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A Christmas Carol – A Ghost Story at Alexandra Palace

Mark Gatiss’ adaptation of Dickens’ A Christmas Carol, directed by Adam Penfold, is indeed a ghost story as the title suggests.

Aoife Gaston and Nicholas Farrell as Ebenezer Scrooge. Photo by Manuel Harlan.
Aoife Gaston and Nicholas Farrell as Ebenezer Scrooge. Photo by Manuel Harlan.

Mounted in the eerie majesty of the Alexandra Palace auditorium, the absence of a proscenium and the presence of projections, puppets and all sorts of flying spectres makes for an immersive and textured experience without the audience participation associated with ‘immersive’ theatre. This production is a faithful and traditional telling – without the curlicues of ‘deconstruction’ or ‘reimagination’ – of a classic tale but still offers heightened excitement, solely in service to the story, thanks to outstanding visual effects created by John Bulleid’s illusions, Paul Wills’ set, Philip Gladwell’s lighting and Nina Dunn’s video designs. When the first ghost appeared, one of my nine-year-old co-critics clambered onto my lap. I assumed he was frightened but, instead, he whispered in my ear, ‘I’m LOVING this!’ and showed me a broad grin that remained on his face throughout.

At the interval, his twin sister wasn’t as sure as her brother, explaining that she liked it but found it, ‘kind of scary’ and ‘too loud’ (from the stalls on the floor). If a more intense helping of sensation is likely to give your little ones the heebie-jeebies and you have your pick of seats, I’d probably recommend going for a wider but less immersive vista further back from the stage and with more elevation. There are really no bad sightlines in the house, and I found the sound levels just fine – it’s more a matter of how strong you like your adrenaline.

For me, I delighted in the projections and sculptural qualities of the set which used height, depth and width cleverly and trucked discretely to create a fluid pace that felt just the right tempo for the play. I loved how the skyscape transformed to reveal the smokestacks of satanic mills of the coming industrial revolution as well as offered an inspiring London skyscape. Using projection both literally and expressionistically, I found this play well exhibited in addition to well performed.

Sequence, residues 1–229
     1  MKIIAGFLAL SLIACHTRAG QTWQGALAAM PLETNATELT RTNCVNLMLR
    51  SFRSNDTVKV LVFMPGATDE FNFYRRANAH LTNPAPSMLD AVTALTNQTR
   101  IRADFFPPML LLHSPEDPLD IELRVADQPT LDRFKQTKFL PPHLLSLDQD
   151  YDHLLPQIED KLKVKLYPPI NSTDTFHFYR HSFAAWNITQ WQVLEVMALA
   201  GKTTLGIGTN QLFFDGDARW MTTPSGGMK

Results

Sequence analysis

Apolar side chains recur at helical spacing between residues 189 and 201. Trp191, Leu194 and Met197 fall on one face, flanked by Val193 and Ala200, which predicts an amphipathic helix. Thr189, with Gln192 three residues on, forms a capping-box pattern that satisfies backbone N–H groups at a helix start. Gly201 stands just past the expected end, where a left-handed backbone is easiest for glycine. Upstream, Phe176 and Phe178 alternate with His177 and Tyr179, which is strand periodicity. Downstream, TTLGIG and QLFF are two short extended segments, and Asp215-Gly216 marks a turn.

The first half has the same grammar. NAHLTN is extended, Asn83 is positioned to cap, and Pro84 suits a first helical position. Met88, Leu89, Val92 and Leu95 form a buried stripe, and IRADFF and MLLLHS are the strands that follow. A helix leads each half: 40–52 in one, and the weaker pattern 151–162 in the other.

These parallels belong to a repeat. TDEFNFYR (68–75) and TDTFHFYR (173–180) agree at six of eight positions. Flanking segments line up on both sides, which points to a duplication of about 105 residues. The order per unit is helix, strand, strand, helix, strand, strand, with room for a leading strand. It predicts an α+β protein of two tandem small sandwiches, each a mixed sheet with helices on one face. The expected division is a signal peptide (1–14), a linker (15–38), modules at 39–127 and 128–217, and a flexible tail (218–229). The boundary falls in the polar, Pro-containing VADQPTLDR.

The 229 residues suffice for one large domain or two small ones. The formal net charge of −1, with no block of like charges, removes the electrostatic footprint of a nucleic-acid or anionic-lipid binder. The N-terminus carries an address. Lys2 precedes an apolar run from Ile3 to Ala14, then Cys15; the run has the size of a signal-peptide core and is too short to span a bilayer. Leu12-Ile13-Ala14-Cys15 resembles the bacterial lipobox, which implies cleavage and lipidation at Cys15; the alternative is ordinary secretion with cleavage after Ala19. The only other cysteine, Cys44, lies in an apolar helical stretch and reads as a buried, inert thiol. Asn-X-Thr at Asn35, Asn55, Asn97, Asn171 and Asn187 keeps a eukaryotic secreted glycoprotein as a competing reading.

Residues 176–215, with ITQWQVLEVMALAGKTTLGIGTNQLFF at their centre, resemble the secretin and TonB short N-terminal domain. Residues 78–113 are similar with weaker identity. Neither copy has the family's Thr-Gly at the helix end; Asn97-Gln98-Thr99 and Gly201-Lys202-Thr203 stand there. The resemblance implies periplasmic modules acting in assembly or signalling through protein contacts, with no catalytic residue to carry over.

Nicholas Farrell is commanding as Ebenezer Scrooge – showing us a puckish self-awareness when revealing his transformed character to Bob Cratchit (Edward Harrison) that was especially endearing and funny. This production perhaps makes less of Scrooge’s emotional journey or of the alternative miseries that would occur should he not change his ways; instead it lands us more rapidly into a happier place (although still establishes credibly the presence of Victorian gloom and poverty). A Christmas Carol: A Ghost Story is not a moralising polemic nor is it an erasure of 19thcentury British inequality – it spends its time on rousing Christmas cheer, with high production values appealing to all the senses and fine performances that entertain and enchant on a number of levels. The ghosts provide fun and thrills whilst locating the supernatural essence of the story alongside its traditional moral of redemption. This show gives you not only the spirit of Christmas but also its phantasmagorically-manifested spirits, offering a less saccharine but nonetheless uplifting celebration for the whole family throughout and beyond the 12 days of Christmas.

The team at Alexandra Palace are thorough, with adults required to show proof of vaccine or NHS confirmation of a negative test to enter the theatre, which provides reassurance. Although much of the run is nearly sold out, do check for returns or performances after Christmas.

4 stars

Review by Mary Beer

It’s a cold Christmas Eve and mean-spirited miser Ebenezer Scrooge has an unexpected visit from the spirit of his former business partner Jacob Marley. Bound in chains as punishment for a lifetime of greed, the unearthly figure explains it isn’t too late for Scrooge to change his miserly ways in order to escape the same fate, but first he’ll have to face three more eerie encounters…

Olivier award-winner Mark Gatiss stars as Jacob Marley in his own retelling of Dickens’ classic winter ghost story alongside Nicholas Farrell (Chariots of Fire, The Crown, The Iron Lady and 37 Days) as Scrooge; James Backway (Holes, The Taming of the Shrew, War Horse) as Fred; Angelina Chudi (Dear Elizabeth, Patricia Gets Ready (for a date with the man that used to hit her)) as Caroline; Jo Eaton-Kent (The Watch, Don’t Forget the Driver, Carousel) as the Ghost of Christmas Past; Zak Ford-Williams (Wolfe) as Tiny Tim; Aoife Gaston (Barbarians, Love & Information) as Belle; Christopher Godwin (Amadeus, This House, The Dig) as the Narrator; Edward Harrison (Wolf Hall, Bring up the Bodies, Holes, Skellig) as Bob Cratchit; Sarah Ridgeway (HALO, Fury, The Captive Queen) as Mrs Cratchit and; Joe Shire (Witness for the Prosecution, The Island) as Ghost of Christmas Present.



  • Mary Beer

    Mary graduated with a cum laude degree in Theatre from Columbia University’s Barnard College in New York City. In addition to directing and stage managing several productions off-Broadway, Mary was awarded the Helen Prince Memorial Prize in Dramatic Composition for her play Subway Fare whilst in New York. Relocating to London, Mary has worked in the creative sector, mostly in television broadcast and production, since 1998. Her creative and strategic abilities in TV promotion, marketing and design have been recognised with over 20 industry awards including several Global Promax Golds. She is a founder member of multiple creative industry and arts organisations and has frequently served as an advisor to the Edinburgh International TV Festival.

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